Sheba Usanda, a dedicated community health promoter (CHP) at Zengeza Clinic since 2010, recently participated in vital training sessions on cholera prevention and control. The training served as a reminder that cholera, despite being controlled to some extent, continues to pose a significant threat, especially in hotspot areas like Chitungwiza. Armed with renewed knowledge and strategies, Sheba is poised to share this vital information with her community, which is in one of the country’s main cholera hotspots.
The main objective of the training was to equip communities with effective cholera prevention and control practices to mitigate the disease’s morbidity and mortality rates. The workshop also intended to prepare the health promoters for the upcoming rapid behavioral risk assessment in numerous hotspots, including Chitungwiza, Harare, Buhera, Mutare rural, and Gutu.
“Now, I’m equipped with critical knowledge, such as how to prepare a salt and sugar solution and identify the signs and symptoms of cholera. In my community, many people are unaware and tend to stay home when infected. With this new understanding, I can empower my community to recognize symptoms early and get prompt medical care, potentially saving lives,” Sheba expressed.
Sheba is among the 120 community health promoters who recently underwent training on cholera prevention and control. This initiative is a part of the Zimbabwe Ministry of Health and Child Care’s (MoHCC) targeted response to the ongoing cholera outbreak, with the support of the World Health Organization (WHO). The two-day training event, held at the Chitungwiza City Council from 22 – 23 November, drew health promoters from various wards in Chitungwiza.
“Our goal is not just to respond to the cholera outbreak but to equip our communities with the knowledge and tools they need to prevent future outbreaks. This training is a pivotal step in that direction,” said MoHCC, Health Promotion Manager Mr Paul Chinakidzwa during the training.
As part, WHO Zimbabwe support, over 10,000 posters were donated to MoHCC for the health promoters to distribute in their communities to enhance awareness of cholera prevention. Post-training, these promoters are expected to disseminate their knowledge in their respective communities and assist in conducting the upcoming rapid assessment.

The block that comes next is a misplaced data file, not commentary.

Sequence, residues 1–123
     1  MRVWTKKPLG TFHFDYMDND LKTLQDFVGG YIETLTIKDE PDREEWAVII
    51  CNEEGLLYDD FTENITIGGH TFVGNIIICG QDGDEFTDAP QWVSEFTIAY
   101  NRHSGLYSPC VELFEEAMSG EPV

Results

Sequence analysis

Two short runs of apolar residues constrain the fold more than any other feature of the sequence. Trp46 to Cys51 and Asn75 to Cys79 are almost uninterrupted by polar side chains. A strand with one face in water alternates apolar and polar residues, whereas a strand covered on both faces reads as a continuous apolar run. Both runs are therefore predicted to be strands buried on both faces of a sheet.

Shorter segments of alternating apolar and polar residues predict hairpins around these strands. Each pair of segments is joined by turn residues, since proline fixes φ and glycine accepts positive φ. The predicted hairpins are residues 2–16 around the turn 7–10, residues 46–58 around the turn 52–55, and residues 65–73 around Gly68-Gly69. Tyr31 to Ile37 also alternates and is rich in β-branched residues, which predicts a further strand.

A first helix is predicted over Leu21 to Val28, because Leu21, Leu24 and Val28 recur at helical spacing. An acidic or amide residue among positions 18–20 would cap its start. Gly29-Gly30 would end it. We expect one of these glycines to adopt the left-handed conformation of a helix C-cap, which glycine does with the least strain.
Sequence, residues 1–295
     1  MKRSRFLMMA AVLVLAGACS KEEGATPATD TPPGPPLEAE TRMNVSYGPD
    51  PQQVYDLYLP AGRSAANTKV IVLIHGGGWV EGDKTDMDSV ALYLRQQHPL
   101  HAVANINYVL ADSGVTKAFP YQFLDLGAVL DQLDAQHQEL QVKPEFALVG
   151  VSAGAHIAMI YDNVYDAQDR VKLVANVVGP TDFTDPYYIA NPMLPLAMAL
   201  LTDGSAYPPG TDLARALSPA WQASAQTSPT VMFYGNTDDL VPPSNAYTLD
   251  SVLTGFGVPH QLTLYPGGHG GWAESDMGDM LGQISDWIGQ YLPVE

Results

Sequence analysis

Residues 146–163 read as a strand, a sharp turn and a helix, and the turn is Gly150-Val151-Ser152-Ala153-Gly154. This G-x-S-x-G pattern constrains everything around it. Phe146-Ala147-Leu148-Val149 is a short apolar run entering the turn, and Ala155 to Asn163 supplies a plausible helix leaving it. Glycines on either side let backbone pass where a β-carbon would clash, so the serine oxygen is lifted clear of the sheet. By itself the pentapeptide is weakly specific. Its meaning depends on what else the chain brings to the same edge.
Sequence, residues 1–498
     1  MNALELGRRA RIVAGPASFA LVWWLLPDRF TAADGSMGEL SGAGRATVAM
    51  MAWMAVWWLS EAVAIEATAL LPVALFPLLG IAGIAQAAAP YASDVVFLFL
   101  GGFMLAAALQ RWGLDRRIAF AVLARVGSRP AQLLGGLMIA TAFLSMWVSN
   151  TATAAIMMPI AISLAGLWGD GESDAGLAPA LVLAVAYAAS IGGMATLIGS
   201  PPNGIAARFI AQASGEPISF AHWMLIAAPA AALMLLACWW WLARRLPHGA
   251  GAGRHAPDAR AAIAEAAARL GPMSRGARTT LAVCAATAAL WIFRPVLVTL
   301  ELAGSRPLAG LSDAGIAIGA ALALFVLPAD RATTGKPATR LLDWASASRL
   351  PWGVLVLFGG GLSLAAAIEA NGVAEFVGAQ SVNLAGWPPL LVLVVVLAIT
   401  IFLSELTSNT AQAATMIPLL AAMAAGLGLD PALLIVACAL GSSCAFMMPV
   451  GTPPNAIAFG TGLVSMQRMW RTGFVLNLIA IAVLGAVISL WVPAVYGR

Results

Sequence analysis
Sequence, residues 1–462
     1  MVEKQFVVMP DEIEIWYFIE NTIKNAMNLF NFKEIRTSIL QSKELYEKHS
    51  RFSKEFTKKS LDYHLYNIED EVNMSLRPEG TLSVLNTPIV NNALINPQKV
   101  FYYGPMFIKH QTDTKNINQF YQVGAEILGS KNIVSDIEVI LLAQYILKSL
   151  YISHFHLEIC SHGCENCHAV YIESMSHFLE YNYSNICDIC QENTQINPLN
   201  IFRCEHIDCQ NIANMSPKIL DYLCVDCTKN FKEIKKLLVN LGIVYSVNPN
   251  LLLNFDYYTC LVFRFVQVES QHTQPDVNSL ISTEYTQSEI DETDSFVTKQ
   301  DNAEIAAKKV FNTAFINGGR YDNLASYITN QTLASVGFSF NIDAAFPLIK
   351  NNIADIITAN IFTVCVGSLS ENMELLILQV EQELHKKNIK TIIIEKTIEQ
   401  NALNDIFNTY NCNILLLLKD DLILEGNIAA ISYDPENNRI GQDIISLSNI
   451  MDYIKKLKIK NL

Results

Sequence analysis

The training and subsequent community engagement activities form part of WHO’s emergency response program to the ongoing cholera outbreak. The program emphasizes Risk Communication and Community Engagement (RCCE), which is pivotal in fostering community awareness and promoting the uptake of cholera prevention measures.
Risk Communication and Community Engagement (RCCE) play an important role in advocacy, communication, and social mobilization for the uptake of cholera public health and social measures. Comprehensive cholera awareness initiatives, including interpersonal communication, are essential to address the needs of individuals, families, and communities for cholera prevention and control.
“We are committed to supporting Zimbabwe’s efforts in combating cholera. By empowering community health promoters like Sheba, we are taking significant strides towards improved community health and resilience,” said WHO Zimbabwe, RCCEE Officer Mrs Priscilla Mangwiro.
During the cholera outbreak WHO Zimbabwe has been supporting the MoHCC to implement health promotion initiatives aimed at preventing and controlling cholera outbreaks. These initiatives include fostering stakeholder engagement, particularly with interfaith organizations of traditional and religious leaders; developing and reviewing strategy documents and evidence generation tools; training health promotion officers, community health workers, and promoters; raising awareness through interpersonal communication during door-to-door engagement and community dialogues; conducting mobile awareness campaigns using loudspeakers and roadshows in high-burden areas; designing, printing, and distributing Information Education and Communication (IEC) materials such as posters, fliers, and promotional items like T-shirts; and generating evidence to guide interventions.
Distributed by APO Group on behalf of World Health Organzation (WHO) – Zimbabwe.